Reference ranges are generally used to identify a range of “normality” a value outside of this may justify further investigation. Values that are outside reference ranges may be matched to case control studies and attributed a disease progression status using clinical cut off values.

Example: Prostate-specific antigen (PSA) is secreted by the prostate and elevation may require further investigation. In a case control trial in men with benign prostate (BPH), normal and cancer (PC) PSA was measured and followed a trend: 0-4 ng/mL (PSA) = normal reference range 4 to 10 ng/mL = BPH but not PC 10-20 ng/mL = Often PC >20 ng/ML = Almost always PC

1.7.6 Clinical sensit ivit y and specificit y In order to describe clinical sensitivity and clinical specificity, remember these are different to analytical sensitivity and specificity, we need to think about how references ranges for healthy and diseased patients interact. Figure 1.8 shows a healthy reference range in green and a diseased reference range in red with TN, FP, TP and FN annotated (table 2). Therefore, clinical specificity relates to whether the test can report someone without the disease correctly as being “healthy”, conversely clinical sensitivity is whether the test can report someone with the disease correctly as being “diseased”. To calculate use the following equations Sensitivity = TP/TP+FN and Specificity = TN/TN+FP

Example: To help to remember clinical sensitivity and specificity there are three strategies: 1) Human nature is to be sensitive towards people with a disease, remember sensitivity measures the diseased cohort. 2) Using figure 1.8 if you draw a green curve (healthy people- specificity) and draw a cut off line, this will give you the healthy people (TN) and those incorrectly assigned diseased as they are on the right of the cut off line (FP). Using these values the equation is therefore TN/TN+FP. 3) Using figure 1.8 if you draw a red curve (diseased people- sensitivity) and draw a cut off line, this will give you the diseased people (TP) and those incorrectly assigned healthy as they are on the left of the cut off line (FN). Using these values the equation is therefore TP/TP+FN.

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I ntroduction to Clinical Biochemistry: I nterpreting Blood Results

Laboratory tests: I nterpreting Results

Patient is...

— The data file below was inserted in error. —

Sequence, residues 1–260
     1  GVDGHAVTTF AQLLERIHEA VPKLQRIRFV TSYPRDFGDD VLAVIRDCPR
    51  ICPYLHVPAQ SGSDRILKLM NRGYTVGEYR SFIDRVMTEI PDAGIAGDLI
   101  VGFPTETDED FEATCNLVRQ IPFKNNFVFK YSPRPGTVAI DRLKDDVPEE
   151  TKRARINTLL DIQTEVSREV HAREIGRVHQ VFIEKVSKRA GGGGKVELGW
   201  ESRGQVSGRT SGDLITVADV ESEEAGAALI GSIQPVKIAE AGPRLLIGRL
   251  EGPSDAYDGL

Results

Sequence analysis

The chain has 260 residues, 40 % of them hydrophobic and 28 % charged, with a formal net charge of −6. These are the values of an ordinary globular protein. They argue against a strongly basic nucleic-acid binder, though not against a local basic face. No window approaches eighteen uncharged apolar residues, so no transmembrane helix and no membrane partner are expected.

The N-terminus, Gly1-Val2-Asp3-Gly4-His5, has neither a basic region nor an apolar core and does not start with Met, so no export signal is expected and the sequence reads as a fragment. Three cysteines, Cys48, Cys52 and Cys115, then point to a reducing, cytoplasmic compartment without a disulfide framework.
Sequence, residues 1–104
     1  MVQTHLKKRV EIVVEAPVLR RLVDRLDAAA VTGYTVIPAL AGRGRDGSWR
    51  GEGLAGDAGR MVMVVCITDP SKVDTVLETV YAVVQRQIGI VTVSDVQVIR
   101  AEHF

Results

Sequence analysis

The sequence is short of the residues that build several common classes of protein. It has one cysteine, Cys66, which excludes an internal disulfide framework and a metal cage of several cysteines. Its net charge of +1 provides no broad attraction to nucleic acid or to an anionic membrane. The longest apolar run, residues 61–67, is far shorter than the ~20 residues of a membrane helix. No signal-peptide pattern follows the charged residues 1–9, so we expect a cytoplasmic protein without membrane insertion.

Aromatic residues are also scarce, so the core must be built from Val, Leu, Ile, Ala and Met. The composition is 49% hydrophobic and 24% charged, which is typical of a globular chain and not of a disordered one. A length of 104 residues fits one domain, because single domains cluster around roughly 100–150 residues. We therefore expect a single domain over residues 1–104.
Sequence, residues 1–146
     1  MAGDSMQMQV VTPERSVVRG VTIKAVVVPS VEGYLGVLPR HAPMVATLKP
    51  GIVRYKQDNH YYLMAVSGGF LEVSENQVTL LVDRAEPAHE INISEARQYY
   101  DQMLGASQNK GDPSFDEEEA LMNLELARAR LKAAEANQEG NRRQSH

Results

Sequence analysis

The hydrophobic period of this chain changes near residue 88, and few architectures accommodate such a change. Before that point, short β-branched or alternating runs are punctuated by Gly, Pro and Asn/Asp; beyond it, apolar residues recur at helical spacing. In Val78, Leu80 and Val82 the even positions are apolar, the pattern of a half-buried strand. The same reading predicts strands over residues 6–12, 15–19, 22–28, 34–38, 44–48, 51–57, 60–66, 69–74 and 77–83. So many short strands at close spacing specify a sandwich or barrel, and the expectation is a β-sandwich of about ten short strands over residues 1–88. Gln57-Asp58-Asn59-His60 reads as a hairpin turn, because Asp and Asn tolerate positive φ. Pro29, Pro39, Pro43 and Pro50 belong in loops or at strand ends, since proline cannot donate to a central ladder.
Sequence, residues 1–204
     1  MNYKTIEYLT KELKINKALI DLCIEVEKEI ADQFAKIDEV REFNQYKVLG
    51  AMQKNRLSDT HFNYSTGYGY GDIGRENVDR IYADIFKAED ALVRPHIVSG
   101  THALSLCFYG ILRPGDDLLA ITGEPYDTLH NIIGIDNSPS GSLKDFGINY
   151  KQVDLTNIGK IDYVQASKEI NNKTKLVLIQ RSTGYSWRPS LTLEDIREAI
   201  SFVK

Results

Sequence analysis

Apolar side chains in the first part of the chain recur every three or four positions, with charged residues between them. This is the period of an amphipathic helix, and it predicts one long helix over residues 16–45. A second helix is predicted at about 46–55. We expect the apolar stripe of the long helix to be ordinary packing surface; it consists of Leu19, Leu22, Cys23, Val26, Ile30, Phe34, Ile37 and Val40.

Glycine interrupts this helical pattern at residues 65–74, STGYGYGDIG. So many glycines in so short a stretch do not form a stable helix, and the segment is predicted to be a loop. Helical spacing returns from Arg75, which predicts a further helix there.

Test reports...

Description

Healthy

Healthy

True Negative (TN)

Healthy

Diseased

False Positive (FP)

Diseased

Diseased

True Positive (TP)

Diseased

Healthy

False Negative (FN)

Table 2: Summary of TN, FP, TP and FN.

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I ntroduction to Clinical Biochemistry: I nterpreting Blood Results

Laboratory tests: I nterpreting Results

Figure 1.8: Clinical specificity and sensitivity.

The cut off value is the point at which people change from being assigned healthy to disease or the reverse. If we move the cut off value to the far right then everyone who is healthy will be reported as healthy but more diseased people will be missed (wrongly assigned healthy). If we move the cut off value to the far left then everyone who is diseased will be reported as diseased but more healthy people will be wrongly assigned as diseased. It is at this point that factors like cost, screening, reliability of data and most importantly medical ethics are involved, is telling someone they have cancer when they don’t as serious as missing someone who does have cancer? These issues and the likely implications of the disease specific intervention (surgical, drugs) will be considered.

Expert further reading: As this text is an introduction, further reading may be needed on predictive value and receiver operator curves to add depth to these issues.

1.8 Sum m ary This chapter considered factors which can affect the result. These broadly fall into two areas analytical (machine) and physiological (human). Starting with the machine or technique that measures the test, to the blood collection method to variations in the person being tested the chapter highlighted common quality control measures to reduce these errors. An understanding of how to interpret the results in an essential foundation to understand each of the subsequent tests and theories discussed in the remaining chapters.

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I ntroduction to Clinical Biochemistry: I nterpreting Blood Results

Overview of tests